Q about air ex.[humidistat]
Posted 06 June 2005 - 10:12 AM
Posted 06 June 2005 - 10:19 AM
Pasteurize the casing material. The oven is a poor choice for pasteurization, but if you use it, be sure as said the vermiculite is moist, and insert a meat thermometer into the verm. Start a timer when the material reaches 160F, and let it remain there for one hour. Adjust the temp of the oven so the vermiculite maintains 160F. I would recommend mixing the verm 50/50 with peat. Performance is better and it's much easier to read the moisture content by color with peat added.
Posted 06 June 2005 - 10:26 AM
Posted 06 June 2005 - 10:42 AM
Posted 06 June 2005 - 07:42 PM
Posted 06 June 2005 - 08:33 PM
The thing to remember when doing sterile work, be EXTREMELY sterile. Once your grains are inoculated and safely tucked away inside filter disk protected jars your sterile work is finished.
Trich and cobweb are your enemies in the fruiting chamber. Neither will grow in an environment with fresh air that circulates. Both want still, stale air with a high CO2 level. Provide the air exchange your fan will give, and you'll never see green. What you will see is dry casings and cracked caps on your mushrooms if you can't also provide enough moisture in that rapidly exchanging air. That is your challenge. Provide enough air exchange to ward off the trich, while providing enough moisture to prevent drying out. If a 6 x 6 opening is all you have, that's probably not enough. My mini-greenhouse extends from the floor to the ceiling, and the door is simply a piece of plastic sheeting that covers the entire front of the darn thing with no attachment except at the top. On the bottom is a piece of PVC pipe that holds the plastic in place by gravity. The entire 8' of both sides is unsealed for air exchange. There is two 6" x 6" holes cut for cameras to shoot time lapse videos through so air exchange is not an issue. I use two cool mist humidifiers located inside the greenhouse for humidity. Both are connected to a humidistat that is set for 80%. They cycle on and off to maintain that humidity level. I have no fan to provide fresh air. The horribly loose fitting door and the camera holes provide enough. I'm only 50 miles directly downwind from a very large rain forest that is the birthplace of most of the trichoderma in north america.(that's an exaggeration, but it makes my point)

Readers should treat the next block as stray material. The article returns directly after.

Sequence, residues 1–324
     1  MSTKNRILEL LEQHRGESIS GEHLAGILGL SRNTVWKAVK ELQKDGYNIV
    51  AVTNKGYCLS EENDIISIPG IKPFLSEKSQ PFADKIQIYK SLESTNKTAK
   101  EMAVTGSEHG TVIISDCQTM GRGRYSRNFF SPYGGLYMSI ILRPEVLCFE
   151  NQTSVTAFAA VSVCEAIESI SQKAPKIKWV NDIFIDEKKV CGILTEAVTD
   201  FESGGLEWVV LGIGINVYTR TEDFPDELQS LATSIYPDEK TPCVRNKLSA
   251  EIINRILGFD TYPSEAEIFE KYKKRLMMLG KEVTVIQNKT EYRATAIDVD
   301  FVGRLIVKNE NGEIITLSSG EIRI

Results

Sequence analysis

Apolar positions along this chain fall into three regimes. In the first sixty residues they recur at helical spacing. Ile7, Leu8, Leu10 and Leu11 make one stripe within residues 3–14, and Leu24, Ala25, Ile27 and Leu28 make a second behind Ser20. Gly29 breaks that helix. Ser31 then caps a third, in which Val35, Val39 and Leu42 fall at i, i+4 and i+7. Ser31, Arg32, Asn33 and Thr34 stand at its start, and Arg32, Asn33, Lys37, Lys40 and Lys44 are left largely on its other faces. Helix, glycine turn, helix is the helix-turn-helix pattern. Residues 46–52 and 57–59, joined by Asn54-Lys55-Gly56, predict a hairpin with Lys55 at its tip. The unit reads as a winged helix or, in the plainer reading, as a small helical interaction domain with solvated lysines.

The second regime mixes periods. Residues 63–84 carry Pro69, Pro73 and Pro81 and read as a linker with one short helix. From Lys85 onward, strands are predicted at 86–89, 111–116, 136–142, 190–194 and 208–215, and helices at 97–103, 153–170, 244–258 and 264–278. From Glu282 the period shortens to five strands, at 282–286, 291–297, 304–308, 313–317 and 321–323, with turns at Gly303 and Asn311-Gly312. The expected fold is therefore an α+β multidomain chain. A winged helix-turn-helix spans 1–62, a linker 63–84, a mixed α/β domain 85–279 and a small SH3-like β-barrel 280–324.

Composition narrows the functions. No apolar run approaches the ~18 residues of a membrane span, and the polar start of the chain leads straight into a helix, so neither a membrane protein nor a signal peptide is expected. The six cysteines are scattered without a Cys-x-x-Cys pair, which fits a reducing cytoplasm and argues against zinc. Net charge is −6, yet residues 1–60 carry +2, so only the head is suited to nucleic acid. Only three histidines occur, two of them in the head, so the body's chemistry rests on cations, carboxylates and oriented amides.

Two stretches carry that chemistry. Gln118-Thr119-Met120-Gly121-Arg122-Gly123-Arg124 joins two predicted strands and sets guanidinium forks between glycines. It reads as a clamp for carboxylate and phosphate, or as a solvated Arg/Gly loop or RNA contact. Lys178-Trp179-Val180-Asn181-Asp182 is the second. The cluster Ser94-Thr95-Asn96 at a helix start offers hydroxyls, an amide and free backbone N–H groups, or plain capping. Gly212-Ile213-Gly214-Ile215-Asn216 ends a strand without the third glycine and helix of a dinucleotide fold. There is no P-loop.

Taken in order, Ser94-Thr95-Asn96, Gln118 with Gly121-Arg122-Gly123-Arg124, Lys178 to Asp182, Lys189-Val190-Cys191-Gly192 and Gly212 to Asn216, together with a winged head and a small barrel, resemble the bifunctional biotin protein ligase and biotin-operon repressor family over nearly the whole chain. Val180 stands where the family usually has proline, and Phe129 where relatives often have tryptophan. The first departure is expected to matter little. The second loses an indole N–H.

To repeat: Air exchange is the key to your growing environment. Sterility is the key to your inoculation procedures. Don't confuse the two. I hope this has helped.
Posted 06 June 2005 - 10:13 PM
Posted 07 June 2005 - 12:47 PM
Posted 07 June 2005 - 07:56 PM
Run the ultrasonic and monitor how much humidity you are getting. Put the ultrasonic on a timer and adjust accordingly.
Cased trays only need about 70% RH if I remember correctly.
Posted 08 June 2005 - 04:25 PM
Posted 08 June 2005 - 09:52 PM
I don't think you'll need the fan but if you want you can run the fan once or twice to blow the whole thing out but you'll also be reducing your humidity at the same time.
Posted 09 June 2005 - 09:43 AM
Posted 10 June 2005 - 11:58 AM